Published by 6 ABC News
By Sarah Bloomquist
PHILADELPHIA (WPVI) -- At Sister Cities Park in Center City recently, we asked children, "What do you want to be when you grow up?"
The kids gave us answers such as "ballerina", "construction worker", "doctor", "fireman". Scientific innovation, climate change, globalization and population changes are making this a very different world in which we work.
The World Economic Forum estimates that "up to 65 percent of children entering primary school today are likely to work in jobs that don't exist yet."
"We're transitioning from a mostly industrial-based economy into a technology-rich, knowledge-based economy," said Alec Ross, the author of "The Industries of the Future."
He's talking about a world of robotics and artificial intelligence where specific skill sets will be in high demand. Jobs will transform, and while some will disappear, experts agree new jobs will replace them.
One study estimates 75 million jobs will be lost globally due to automation, but technological innovation will create 133 million new jobs.
"There's absolutely no precendent in the history of humanity that would say, 'Oh, the rise of technology is going to cost us jobs'. No, in fact what we actually know is that technology, that it does, is changes the nature of jobs that are available," Ross said.
At Pennovation Works, adjacent to Penn's campus, a team of PhD students is working to coordinate small drones with the goal of using them in the real world to do tasks usch as inspecting a dam for defects or searching a disaster area.
"I think like really at a high level I am hoping to develop robots that serve some useful purpose in society," said Daniel Mox, a PhD student at The University of Pennsylvania's School of Engineering.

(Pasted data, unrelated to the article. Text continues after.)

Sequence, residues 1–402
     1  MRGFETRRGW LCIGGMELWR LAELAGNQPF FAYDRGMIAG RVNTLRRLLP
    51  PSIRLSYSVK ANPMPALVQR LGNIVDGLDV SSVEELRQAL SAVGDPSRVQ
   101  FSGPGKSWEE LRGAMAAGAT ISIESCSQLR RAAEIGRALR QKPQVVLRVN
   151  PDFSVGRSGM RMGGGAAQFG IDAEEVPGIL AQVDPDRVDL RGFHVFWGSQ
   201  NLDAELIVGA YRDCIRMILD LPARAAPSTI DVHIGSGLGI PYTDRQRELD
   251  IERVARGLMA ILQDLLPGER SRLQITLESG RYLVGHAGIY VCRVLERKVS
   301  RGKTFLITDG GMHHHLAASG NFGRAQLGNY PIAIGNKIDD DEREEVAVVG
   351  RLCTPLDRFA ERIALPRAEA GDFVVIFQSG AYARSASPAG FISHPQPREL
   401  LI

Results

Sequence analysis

Vijay Kumar is the dean of the School of Engineering at Penn. he says, "People worry about taking jobs away. Well, there are lots and lots and lots of jobs that nobody wants to do. To me, that's the interesting question: Can we imagine a future where humans do the kinds of things that they enjoy doing, they want to spend time on, and everything else robots do for us."
Researchers in Australia came up with 100 jobs of the future. Among them, a de-extinction geneticist who resurrects plants and animals that have died off and looks for ways to protect species. A child-assistant bot programmer to program robots to look after children. The study also mentions "cricket farmer" because food shortages are real and crickets provide a great source of protein.
Alec Ross adds, "The real focus for us needs to be in our kids and making sure that even young kids who are 5, 6,10 years old, making sure that they are acquiring the skills to help them compete in tomorrow's economy."
We visited the campus of Arcadia University where kids as young as 7 spent time this summer learning the languages and skills needed for the jobs of the future.
Parrish Hale of Mount Airy said, "We are in a Kozmo camp. A Kozmo is a root that you can program to do commands or anything you want to do."
"I want to be some type of engineer or coder," said Jacob Schwartz of Horsham. "Anything in the STEM field sounds interesting to me."
Gianna Williams is an instructor at the ID Tech camp. She said, "data science is a job that is growing right now, and a lot of students dealt with data sets, a lot of long lines of code that can help them in the future."
We can't predict the future. We don't know what jobs will be needed, but there is certainty the time to prepare for the jobs of the future is now.
As Alex Ross put it, "the future is now."